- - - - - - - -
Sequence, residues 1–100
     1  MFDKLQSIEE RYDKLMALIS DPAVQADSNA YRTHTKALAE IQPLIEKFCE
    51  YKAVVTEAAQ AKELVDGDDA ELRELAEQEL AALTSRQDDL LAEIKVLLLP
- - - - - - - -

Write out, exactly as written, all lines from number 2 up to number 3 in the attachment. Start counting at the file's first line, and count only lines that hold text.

     1  MFDKLQSIEE RYDKLMALIS DPAVQADSNA YRTHTKALAE IQPLIEKFCE
    51  YKAVVTEAAQ AKELVDGDDA ELRELAEQEL AALTSRQDDL LAEIKVLLLP